How-To: Operate a Wood-Burning Stove
The first thing we need to establish when discussing the right way to light a fire in a wood-burning stove is that there is no right way to light a fire in a wood-burning stove. The way that works best for you is the only one that matters. The important thing is that the technique you choose is reliable and effective. It would be nice if it didn’t take forever to accomplish too. Luckily, we created this handy little guide to make your life a little easier.
Wood-burning stoves are lined with heat resistant materials to keep the fire inside from reaching out and destroying your home. These materials are designed and manufactured to reflect the heat, or absorb it, to better warm your home. So, just like with a fireplace, we want to create a reflective, insular layer underneath the fire with an ash bed. This will create a much hotter fire than can be achieved without it, but requires air holes to be punched through the ash in the ashpan to the grate so that air from underneath can reach the fire.
Wood stoves need oxygen almost as much as they need wood. Fire can’t exist without oxygen, and most wood stoves are designed with air controls to allow users to fine tune the supply. So, open up the air controls. There are usually several depending on the model of stove you are using, so check your owner’s manual for the exact locations.
Now, we can begin getting our fire burning in the wood stove. Take several sheets of newspaper and wad them up being careful not to wad them too tightly. Arrange the wads of paper in the bottom of the wood stove, and add a few pieces of scrunched up cardboard if you have it. The cardboard helps get the fire going because it burns longer than newspaper. It’s not necessary, but it is helpful. For kindling, we need to split some dry softwood into small pieces. Size and regularity aren’t important here, but anything too large will just cause problems later on. Twigs and pine cones that have dried out are an excellent option. Once this has been arranged, we find adding a single slightly larger piece of wood on top of it all, being careful not to smash it, helps to stabilize the fire’s early moments.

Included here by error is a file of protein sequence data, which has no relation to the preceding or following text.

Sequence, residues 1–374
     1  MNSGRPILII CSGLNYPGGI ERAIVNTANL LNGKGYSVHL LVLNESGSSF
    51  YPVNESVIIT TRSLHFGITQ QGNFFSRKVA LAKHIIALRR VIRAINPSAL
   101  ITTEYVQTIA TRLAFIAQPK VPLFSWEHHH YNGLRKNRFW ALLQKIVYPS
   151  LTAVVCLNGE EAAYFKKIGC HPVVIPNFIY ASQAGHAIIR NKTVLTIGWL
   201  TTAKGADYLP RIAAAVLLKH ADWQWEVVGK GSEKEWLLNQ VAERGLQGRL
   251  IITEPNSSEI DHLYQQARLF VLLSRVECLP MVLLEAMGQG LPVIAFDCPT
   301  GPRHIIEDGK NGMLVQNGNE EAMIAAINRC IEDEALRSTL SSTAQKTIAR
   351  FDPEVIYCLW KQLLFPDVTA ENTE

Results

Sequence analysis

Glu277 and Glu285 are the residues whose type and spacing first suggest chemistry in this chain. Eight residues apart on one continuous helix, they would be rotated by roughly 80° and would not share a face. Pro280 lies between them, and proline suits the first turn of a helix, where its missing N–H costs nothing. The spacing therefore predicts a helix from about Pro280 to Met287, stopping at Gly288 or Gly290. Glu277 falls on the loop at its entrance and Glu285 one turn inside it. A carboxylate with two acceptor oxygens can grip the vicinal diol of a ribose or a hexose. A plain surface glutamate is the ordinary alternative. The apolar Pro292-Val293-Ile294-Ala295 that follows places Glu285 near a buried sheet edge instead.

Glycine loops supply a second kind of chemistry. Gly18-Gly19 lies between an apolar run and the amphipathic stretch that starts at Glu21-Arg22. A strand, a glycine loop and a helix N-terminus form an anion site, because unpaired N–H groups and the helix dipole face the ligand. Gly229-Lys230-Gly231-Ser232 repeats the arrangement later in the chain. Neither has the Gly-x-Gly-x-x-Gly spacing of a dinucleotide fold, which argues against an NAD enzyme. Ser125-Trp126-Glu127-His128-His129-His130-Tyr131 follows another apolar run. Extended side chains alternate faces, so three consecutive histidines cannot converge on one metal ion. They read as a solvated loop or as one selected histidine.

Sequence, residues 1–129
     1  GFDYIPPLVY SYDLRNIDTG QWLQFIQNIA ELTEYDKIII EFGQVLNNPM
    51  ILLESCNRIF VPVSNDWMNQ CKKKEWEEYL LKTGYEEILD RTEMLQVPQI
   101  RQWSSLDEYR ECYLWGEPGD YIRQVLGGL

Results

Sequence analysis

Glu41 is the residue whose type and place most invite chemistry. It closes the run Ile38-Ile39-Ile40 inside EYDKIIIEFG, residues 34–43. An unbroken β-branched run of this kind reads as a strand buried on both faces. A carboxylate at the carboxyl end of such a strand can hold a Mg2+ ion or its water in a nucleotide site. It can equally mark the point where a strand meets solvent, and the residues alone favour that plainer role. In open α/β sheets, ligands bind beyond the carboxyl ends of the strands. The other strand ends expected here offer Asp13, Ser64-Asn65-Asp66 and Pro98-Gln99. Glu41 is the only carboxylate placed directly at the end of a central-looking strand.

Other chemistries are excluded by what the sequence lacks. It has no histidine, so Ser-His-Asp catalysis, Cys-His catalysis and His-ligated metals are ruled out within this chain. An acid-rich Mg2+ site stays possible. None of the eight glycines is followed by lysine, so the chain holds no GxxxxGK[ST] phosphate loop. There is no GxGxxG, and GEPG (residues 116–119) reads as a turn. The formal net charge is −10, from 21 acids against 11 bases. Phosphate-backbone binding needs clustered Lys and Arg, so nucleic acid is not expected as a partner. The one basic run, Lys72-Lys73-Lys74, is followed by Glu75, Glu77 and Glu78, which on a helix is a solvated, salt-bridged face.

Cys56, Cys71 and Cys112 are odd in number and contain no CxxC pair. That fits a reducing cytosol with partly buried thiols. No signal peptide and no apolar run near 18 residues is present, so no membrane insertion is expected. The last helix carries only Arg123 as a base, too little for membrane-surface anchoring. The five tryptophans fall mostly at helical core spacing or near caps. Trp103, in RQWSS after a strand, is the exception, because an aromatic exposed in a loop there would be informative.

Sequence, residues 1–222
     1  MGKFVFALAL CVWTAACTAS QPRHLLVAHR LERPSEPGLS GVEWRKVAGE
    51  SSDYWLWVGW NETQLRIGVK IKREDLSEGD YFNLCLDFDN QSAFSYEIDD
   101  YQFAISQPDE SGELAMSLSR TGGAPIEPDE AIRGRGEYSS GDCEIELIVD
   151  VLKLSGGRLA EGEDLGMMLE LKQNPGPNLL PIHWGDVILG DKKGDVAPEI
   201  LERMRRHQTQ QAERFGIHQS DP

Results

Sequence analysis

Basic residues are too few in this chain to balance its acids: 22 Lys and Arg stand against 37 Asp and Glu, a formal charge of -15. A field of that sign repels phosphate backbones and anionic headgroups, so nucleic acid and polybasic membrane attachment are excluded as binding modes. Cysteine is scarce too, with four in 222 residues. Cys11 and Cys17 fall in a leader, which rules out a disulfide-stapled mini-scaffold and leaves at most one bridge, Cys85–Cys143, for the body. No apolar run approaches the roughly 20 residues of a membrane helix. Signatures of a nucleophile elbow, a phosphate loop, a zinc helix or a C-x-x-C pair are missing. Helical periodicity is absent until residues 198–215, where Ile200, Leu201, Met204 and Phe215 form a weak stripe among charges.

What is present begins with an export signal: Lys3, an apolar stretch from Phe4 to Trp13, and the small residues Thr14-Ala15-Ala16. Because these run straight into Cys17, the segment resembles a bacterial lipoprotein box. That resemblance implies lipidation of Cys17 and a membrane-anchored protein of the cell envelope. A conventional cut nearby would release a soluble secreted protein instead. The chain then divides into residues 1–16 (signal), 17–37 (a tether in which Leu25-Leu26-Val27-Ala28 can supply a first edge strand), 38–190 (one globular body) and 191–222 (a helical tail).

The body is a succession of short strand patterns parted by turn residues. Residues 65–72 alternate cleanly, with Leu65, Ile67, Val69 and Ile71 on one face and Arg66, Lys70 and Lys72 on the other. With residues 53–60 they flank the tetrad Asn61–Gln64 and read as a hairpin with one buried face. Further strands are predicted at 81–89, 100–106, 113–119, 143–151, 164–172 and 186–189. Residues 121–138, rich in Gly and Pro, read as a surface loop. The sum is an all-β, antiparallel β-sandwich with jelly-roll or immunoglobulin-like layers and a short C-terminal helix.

When you are ready, light the newspaper wads at the bottom of the pile, and close the door to your wood stove. After perhaps 4-5 minutes the kindling will have caught fire, and will be burning consistently. Now is the time to add your first logs to the fire, but be gentle so that you don’t crush the life from the newborn fire. In another 10-15 minutes, the logs will be blazing cheerily, and you can adjust the air controls down to reduce the oxygen available to the fire. Watch the fire as you turn down the air controls. At the first sign of the fire dying or smoke filling the firebox, stop turning the air control down, and adjust it back up until the situation resolves itself normally. A lot of the fine-tuning of the air supply will depend heavily on the make and model stove you are using. Familiarize yourself with the owner’s manual, so that you can properly diagnose any issue you may have, or call McSweepy’s Chimney Service for help!
Finally, after 30-45 minutes your stove should be burning well. It’s giving decent heat to the room, and the deposits on the glass have all burned away. This should be the case until it is time to refuel, so keep an eye on the fuel as it burns. When the logs have all become embers, and are still producing some flames, it is time to refuel. Open the door to the stove slowly so the fire has a chance to adjust to the extra air from the opening, or you could end up with a face, and a room, full of smoke. Add a few logs and open the air controls back up until the logs catch then turn them back to their down positions.
At the end of the evening just let the fire go out. It’s best to close off the air controls as much as you can without closing them completely to retain what warmth in the stove you can. Never load the stove and “turn it down” overnight. This is an easy way to fill the chimney with tar, create a lot of smoke, and potentially burn your house down.